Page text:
JavaOne 2014: Takeaways from Java's biggest conference
A comprehensive collection of articles, videos and more, hand-picked by our editors
Java Language Architect Brian Goetz is always a great person to have kick off a Java developers conference. Sure, Mark Reinhold, Chief Architect of the Java Platform, always gets to begin these sessions and deliver the 50,000 foot view of how things are shaping up, but it's Goetz who is always the true headliner.
By submitting your personal information, you agree that TechTarget and its partners may contact you regarding relevant content, products and special offers.
For the past few years, the big topic that everyone seems to want to hear about from Goetz has been lambdas. But there's always been a certain feel of uncertainty in his tone when speaking about the topic. Being an architect and not a salesman, he's never been afraid to talk openly about some of the challenges that needed to be addressed in order to shoehorn these new features into the language.
Taking a gamble on lambdas
It's not that Goetz wasn't sure in his ways, but in the past, so many questions hung over the head of the lambda project that everyone knew the roll-out of Java 8 was going to be a bit of a gamble. But now that the product has been implemented, the cloud of uncertainty has gone away, and it appears that Goetz can gloat, seeing that the gamble has paid off.
"Java has finally caught up" said Goetz at the JavaOne Technical keynote. Caught up to what you ask? Well, with all of those other languages that don't get lost in verbosity like Java does. But catching up is one thing. Going beyond is something else, and in that arena, Goetz believes that Java does indeed have "a few tricks up its sleeve." So what are some of these up-sell features for lambdas?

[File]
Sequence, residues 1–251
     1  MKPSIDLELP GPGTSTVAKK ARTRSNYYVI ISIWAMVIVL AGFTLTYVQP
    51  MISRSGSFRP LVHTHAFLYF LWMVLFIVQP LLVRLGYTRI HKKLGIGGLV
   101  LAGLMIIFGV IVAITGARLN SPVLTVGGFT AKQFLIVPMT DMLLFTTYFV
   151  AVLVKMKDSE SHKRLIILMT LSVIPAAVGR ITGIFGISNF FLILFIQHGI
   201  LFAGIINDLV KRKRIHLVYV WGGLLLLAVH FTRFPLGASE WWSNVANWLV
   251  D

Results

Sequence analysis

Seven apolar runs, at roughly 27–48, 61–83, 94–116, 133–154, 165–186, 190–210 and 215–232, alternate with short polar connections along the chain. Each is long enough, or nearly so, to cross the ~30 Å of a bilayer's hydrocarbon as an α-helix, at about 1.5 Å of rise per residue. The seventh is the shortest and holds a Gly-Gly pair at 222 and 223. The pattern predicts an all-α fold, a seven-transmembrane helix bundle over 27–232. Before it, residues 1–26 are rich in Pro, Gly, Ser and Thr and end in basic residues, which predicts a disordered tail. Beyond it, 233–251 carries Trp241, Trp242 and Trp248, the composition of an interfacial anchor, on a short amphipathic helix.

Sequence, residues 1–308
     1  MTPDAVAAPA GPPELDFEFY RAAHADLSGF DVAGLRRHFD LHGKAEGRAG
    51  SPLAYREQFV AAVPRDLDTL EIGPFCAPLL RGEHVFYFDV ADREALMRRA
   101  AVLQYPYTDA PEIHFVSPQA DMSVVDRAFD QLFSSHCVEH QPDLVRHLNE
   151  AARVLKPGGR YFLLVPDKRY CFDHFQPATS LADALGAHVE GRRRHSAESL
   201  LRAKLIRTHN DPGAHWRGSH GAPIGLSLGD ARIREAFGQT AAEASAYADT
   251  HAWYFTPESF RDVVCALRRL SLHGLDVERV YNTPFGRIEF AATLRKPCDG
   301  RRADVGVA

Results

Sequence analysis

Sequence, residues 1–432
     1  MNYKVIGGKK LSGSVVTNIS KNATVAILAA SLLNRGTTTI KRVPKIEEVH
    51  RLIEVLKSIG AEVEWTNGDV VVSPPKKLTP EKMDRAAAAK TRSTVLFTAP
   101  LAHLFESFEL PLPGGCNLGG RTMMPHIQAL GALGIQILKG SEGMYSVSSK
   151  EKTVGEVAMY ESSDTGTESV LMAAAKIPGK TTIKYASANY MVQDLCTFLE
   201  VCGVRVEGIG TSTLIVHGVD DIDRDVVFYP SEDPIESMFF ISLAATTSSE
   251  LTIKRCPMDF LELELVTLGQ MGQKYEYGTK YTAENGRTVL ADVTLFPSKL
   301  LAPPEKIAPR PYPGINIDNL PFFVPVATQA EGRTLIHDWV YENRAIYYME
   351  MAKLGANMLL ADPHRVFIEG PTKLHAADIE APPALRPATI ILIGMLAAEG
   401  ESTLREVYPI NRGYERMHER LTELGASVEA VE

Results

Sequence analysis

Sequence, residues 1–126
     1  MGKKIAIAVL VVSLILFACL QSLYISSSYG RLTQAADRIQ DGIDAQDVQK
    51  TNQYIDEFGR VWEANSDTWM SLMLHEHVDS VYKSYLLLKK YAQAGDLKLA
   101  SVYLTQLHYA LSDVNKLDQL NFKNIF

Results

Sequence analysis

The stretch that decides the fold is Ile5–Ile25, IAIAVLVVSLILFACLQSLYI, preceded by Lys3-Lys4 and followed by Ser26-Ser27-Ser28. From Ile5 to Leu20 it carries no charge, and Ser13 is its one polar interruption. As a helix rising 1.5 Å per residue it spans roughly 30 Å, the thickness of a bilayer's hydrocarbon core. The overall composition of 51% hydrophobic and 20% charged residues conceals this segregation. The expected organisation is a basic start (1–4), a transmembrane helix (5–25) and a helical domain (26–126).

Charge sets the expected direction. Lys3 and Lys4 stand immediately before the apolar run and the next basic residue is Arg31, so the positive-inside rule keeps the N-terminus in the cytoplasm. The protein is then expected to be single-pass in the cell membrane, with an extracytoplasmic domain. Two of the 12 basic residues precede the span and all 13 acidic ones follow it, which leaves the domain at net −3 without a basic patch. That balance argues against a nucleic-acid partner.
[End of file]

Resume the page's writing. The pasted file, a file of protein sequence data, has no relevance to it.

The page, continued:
Dealing with collections is really at the core of what enterprise applications do. With Java 8, "all of the collections libraries are de-composable making them parallel ready," said Goetz. Of course, part of making collections lambda ready was introducing the default method concept in order to support the introduction of the new stream method to all collections, but so far there have been no complaints of that new construct being misused or abused. The fact is, in a modern, multi-core environment, supporting parallelism is important. When your programs can take advantage of parallelism, they can use hardware resources more efficiently.
While sometimes it may not appear to be the truth when you look at your code, the fact is, there is a great deal of optimization with lambdas. What might look like three or four method calls works out to just one simple instruction on the compiler. "We have caught up in expressiveness, but moved way ahead in terms of performance," said Goetz.
When taking a functional approach to programming, software applications become easier to read, and code tends to read like the actual problem statement. This makes debugging and long term maintainability much easier.
Of course, there were indeed bumps along the way. Making sure lambdas worked without breaking stalwart code that is still running on older JVMs was a challenge. To avoid this from happening, Java had to introduce a new construct called the default method. It became a bit of a shoehorning of the language to fit lambdas in, but the bending of the language hasn't seemed to have caused any issues or problems as of yet.
Java does move forward. It moves forward slowly, but it does move forward. Lambdas was a massive move for a language that doesn't like to budge, but it is clearly being accepted by the community, and it's an accomplishment Brian Goetz can be proud to hang his hat upon.